Each month we will be sharing the PC Food Litigation Index, a summary of latest class action filings in the food and beverage industry. This data is compiled by Perkins Coie based on a review of dockets from courts nationwide.

Through May the pace of consumer class action filings against food companies continued unabated, tracking last years filing rate leading to nearly 150 new cases annually. The mix of cases continued to duplicate last years, with some notable case filings discussed below.

The plaintiffs’ bar continued to mount challenges to the “all natural” labels on products that contain xanthan gum, the widely-used, FDA-approved binding and thickening agent commonly found in salad dressings, ice creams, and hosts of other popular foods. In Burton v. Cedarlane Natural Foods, the plaintiff alleged that the defendant’s use of the ingredient makes the “All Natural” labels on, for example, its enchiladas and omelets false and deceptive. In another similar xanthan gum action this month, the plaintiff objected to labeling pasta dishes such as stuffed shells and lasagna as “all natural” when they contain the ingredient.

The labeling representations of frozen dessert products were at the center of two cases this month, the first against Eden Creamery’s Halo Top brand, the second against Breyers. The plaintiff in the former argues that Halo Top’s branding evokes the color yellow, which is associated with butter and cream and therefore causes consumers to think of ice cream. Because Halo Top products are actually “light ice cream,” a distinct product category, the plaintiff argues that the labels are misleading. Somewhat similarly, the Breyers plaintiff alleges that the defendant’s Breyers Delights products are misleading labeled as “ice cream,” even though their ingredients are inconsistent with consumers’ expectations for ice cream.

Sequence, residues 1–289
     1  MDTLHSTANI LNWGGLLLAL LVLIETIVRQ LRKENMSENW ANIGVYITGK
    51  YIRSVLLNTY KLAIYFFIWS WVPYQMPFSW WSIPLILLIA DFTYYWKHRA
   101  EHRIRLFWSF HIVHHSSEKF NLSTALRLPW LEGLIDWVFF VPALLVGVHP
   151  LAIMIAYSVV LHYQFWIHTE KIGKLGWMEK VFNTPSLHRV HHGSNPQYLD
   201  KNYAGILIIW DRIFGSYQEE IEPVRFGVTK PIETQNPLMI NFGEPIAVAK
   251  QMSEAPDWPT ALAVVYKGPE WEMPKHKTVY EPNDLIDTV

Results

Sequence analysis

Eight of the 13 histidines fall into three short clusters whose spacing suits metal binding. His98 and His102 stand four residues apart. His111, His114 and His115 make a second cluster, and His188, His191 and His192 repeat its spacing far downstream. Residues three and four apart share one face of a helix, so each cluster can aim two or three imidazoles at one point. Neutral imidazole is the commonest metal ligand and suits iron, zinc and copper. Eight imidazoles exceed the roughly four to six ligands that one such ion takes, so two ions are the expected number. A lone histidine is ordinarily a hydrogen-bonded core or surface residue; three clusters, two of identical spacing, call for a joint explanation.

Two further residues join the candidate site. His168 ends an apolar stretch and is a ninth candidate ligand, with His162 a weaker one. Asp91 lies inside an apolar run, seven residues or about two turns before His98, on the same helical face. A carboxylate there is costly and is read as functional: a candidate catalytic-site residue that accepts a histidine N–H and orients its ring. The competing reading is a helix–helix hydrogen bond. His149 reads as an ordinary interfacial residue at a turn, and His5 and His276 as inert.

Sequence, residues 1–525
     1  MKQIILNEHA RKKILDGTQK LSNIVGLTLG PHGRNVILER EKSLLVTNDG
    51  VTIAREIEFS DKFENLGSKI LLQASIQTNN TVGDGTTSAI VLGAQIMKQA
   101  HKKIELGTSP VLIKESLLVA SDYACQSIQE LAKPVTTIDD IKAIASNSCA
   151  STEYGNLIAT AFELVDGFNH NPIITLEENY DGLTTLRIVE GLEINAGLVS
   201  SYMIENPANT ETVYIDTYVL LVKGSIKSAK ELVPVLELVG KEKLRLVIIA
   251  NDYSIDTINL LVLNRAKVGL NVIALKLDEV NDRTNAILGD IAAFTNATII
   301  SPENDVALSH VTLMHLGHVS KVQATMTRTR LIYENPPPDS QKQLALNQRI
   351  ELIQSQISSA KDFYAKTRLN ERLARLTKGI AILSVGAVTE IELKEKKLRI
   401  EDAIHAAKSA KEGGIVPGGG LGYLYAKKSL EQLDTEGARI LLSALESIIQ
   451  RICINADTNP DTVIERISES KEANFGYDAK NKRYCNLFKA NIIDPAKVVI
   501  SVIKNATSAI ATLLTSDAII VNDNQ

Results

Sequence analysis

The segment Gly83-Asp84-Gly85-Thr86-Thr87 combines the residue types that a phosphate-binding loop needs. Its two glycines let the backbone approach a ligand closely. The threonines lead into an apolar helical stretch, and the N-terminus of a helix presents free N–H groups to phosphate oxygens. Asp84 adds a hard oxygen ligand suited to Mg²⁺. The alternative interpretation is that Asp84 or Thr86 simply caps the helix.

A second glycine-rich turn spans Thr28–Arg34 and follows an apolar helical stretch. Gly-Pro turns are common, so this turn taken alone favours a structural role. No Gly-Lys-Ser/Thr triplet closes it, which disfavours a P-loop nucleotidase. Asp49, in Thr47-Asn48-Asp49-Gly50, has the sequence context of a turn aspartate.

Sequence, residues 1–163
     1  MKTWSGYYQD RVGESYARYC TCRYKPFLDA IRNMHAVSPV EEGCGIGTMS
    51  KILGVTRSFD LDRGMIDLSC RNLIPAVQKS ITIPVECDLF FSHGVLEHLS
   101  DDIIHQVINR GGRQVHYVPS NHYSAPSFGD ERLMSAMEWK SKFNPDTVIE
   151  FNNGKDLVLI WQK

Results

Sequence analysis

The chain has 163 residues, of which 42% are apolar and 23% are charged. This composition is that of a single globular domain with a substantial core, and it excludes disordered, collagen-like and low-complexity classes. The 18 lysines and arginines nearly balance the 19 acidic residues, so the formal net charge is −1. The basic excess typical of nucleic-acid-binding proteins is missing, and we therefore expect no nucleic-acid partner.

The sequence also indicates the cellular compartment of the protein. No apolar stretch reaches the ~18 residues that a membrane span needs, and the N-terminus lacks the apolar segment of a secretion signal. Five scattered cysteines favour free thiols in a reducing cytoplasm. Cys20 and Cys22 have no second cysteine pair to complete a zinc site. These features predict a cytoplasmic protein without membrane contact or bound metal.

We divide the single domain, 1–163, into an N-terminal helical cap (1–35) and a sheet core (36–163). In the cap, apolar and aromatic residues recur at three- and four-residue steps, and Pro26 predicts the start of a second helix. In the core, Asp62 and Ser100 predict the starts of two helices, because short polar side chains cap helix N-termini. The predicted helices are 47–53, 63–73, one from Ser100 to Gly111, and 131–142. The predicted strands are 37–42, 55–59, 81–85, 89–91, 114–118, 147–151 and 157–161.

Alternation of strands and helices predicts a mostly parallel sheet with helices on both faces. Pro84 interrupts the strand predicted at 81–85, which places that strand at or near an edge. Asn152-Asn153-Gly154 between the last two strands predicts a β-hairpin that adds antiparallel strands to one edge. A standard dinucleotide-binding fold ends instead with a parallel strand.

Alleged lack of scientific evidence for certain health-related claims was again at issue in a Central District of California case against Pom Wonderful. The plaintiff argued that the defendant’s pomegranate juice is falsely labeled, giving consumers the impression that the beverage has medically-proven disease treatment benefits that have not been sufficiently demonstrated or scientifically vetted.